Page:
News

Court expands coverage to domestic violence, harassment victims

 

BY KIRK BOXLEITNER
kboxleitner@marysvilleglobe.com
ARLINGTON — Marysville Municipal Court Judge Lorrie Towers provided the Arlington City Council with an annual update May 27 on the state of the court that both cities share.
“This fall, the court will also begin providing temporary protection order hearings, for victims of domestic violence, and anti-harassment order hearings,” Towers said.
“Victims will no longer have to go to the county to get temporary orders,” she added. “They’ll be able to come to our court. We’ve set the hearings for times when our domestic violence victim advocate is available to assist victims in requesting those orders.”
While the court’s budget for 2013 was $1,673,133, its total expenditures for the year were only $1,633,629, leaving $39,000 that was returned to Marysville.
The Marysville Municipal Court operates with two judges, one court administrator, one assistant court administrator, one probation officer and six court clerks. It also houses Marysville’s domestic violence victim advocate, two court unit officers and one seasonal worker. The court heard 1,296 in-custody cases from the Snohomish County Jail via video hearings.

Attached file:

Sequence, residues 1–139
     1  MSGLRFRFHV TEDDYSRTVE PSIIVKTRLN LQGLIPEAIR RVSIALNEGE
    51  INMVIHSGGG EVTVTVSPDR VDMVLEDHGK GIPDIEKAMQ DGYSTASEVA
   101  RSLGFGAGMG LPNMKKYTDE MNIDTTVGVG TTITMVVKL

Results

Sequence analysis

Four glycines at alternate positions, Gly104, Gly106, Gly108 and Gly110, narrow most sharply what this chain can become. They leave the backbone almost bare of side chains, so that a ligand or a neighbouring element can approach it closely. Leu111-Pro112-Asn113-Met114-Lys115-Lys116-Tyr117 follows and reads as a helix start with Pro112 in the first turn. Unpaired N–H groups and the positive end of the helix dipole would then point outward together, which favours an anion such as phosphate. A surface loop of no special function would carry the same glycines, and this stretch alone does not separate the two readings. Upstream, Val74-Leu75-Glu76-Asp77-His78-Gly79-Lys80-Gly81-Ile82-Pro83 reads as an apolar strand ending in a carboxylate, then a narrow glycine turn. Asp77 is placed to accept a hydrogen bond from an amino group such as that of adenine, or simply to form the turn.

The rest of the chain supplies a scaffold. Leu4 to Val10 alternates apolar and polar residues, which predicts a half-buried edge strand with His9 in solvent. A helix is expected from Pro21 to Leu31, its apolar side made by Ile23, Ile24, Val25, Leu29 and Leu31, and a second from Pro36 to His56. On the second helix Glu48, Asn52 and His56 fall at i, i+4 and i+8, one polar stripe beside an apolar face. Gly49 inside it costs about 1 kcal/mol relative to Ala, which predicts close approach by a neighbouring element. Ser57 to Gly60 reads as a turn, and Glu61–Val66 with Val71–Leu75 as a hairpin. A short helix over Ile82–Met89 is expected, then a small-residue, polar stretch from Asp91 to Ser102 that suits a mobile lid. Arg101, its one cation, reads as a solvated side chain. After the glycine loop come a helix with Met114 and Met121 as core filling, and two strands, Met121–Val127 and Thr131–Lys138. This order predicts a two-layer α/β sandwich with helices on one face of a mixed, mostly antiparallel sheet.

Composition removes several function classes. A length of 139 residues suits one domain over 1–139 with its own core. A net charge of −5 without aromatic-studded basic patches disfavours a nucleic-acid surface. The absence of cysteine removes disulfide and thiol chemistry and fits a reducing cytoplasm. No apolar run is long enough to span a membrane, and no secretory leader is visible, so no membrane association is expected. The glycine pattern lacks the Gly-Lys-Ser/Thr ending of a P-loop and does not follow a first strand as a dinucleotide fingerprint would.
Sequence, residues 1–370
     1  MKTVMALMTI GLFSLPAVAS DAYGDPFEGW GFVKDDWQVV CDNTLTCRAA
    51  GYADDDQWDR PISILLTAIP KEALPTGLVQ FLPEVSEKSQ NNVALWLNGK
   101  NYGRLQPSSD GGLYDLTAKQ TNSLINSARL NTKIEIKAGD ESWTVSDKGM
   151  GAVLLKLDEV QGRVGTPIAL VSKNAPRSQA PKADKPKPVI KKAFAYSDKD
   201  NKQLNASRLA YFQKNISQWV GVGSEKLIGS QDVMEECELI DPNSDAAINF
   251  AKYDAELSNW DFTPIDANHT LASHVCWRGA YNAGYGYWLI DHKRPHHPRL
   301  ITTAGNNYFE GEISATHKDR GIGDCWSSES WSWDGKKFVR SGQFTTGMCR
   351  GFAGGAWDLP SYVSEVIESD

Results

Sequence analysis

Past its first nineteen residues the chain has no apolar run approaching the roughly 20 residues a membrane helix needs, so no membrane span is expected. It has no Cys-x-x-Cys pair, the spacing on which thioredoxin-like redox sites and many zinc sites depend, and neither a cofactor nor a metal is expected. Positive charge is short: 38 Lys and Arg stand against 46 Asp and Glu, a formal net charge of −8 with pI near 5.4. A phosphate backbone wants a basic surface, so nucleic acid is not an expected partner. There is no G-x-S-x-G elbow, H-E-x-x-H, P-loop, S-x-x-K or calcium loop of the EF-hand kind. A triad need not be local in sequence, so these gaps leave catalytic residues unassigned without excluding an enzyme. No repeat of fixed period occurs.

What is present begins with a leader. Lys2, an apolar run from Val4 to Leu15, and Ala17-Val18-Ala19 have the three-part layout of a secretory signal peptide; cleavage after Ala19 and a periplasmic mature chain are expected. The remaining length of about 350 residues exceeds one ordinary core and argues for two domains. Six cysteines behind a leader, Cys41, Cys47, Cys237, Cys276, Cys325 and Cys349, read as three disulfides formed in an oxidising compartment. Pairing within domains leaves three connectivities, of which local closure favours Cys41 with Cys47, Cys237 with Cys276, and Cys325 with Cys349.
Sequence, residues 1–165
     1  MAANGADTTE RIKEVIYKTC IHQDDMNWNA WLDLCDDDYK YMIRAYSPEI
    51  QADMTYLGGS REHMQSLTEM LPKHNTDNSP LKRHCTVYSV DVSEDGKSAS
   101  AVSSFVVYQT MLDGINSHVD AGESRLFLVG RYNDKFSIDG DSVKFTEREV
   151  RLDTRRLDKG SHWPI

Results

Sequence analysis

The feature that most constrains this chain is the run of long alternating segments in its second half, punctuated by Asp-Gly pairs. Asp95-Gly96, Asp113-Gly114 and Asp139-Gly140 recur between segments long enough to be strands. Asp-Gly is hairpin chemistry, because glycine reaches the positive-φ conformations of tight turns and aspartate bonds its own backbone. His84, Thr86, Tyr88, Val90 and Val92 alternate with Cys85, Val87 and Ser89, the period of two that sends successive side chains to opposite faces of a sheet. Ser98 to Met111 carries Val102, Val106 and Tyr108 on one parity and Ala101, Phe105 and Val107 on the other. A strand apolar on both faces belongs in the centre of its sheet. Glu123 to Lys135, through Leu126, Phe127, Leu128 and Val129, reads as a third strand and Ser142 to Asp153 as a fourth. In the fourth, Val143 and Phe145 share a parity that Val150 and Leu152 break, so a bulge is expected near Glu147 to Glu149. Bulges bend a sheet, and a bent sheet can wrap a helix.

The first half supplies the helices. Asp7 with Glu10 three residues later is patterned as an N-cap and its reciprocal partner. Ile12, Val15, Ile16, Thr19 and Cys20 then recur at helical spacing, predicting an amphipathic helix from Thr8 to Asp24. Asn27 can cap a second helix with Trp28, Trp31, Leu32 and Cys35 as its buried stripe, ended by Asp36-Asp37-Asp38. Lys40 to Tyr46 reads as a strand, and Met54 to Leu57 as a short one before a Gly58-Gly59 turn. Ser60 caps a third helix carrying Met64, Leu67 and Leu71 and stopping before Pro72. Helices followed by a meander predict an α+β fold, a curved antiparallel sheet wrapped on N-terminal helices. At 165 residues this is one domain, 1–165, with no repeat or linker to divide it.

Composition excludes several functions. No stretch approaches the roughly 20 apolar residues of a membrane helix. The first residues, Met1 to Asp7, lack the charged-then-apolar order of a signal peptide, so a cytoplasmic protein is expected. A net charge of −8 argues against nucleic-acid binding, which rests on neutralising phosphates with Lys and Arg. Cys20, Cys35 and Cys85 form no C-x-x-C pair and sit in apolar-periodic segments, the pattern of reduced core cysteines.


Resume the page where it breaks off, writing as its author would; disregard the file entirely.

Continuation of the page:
“These hearings result in cost savings and greater security for city personnel,” said Towers, who noted that the court heard more than 2,051 video hearings with its own jail in 2013. “This is a very efficient process, as it allows the court to conduct judicial proceedings without having to remove the defendant from the facility.”
Due to the Snohomish County Jail’s decision to limit the number of defendants it houses from municipalities, the court has experienced what Towers deemed “a dramatic increase” in the number of defendants heard through video court with the Marysville jail.
When Arlington City Council member Jan Schuette asked whether defendants could be housed at other jails, Towers said that, barring medical issues, its defendants must be housed at Marysville.
“With domestic violence cases, though, it’s mandatory that they be heard by the next day,” Towers said. “It’s actually required that they receive a hearing within 48 hours. But at our court, that usually happens no later than the next morning.”
Towers reported the court summoned more than 1,200 citizens for jury duty in 2013, with Marysville citizens amounting to about 720 of those jurors. The court heard seven jury trials, five of which were conducted by Marysville prosecutors. The court also heard more than 2,580 arraignments or first appearances, and held dispositions on more than 2,220 cases. The court staff manages sentence compliance reviews on more than 3,000 open cases, and heard 1,732  infraction hearings.
Towers also counted 293 individuals who required interpreter services in 2013, with Spanish interpreter services used in 83 percent of those cases.
The Marysville Municipal Court is continuing its partnerships with the cities of Arlington and Lake Stevens, as well as the U.S. Bankruptcy Court, the latter of which uses the court’s facilities twice a month for preliminary hearings. And for the fourth year in a row, the court hosted students from the 10th Street School and Archbishop Murphy in 2013, as they prepared for the YMCA’s Mock Trial competition.

 

 

 

 

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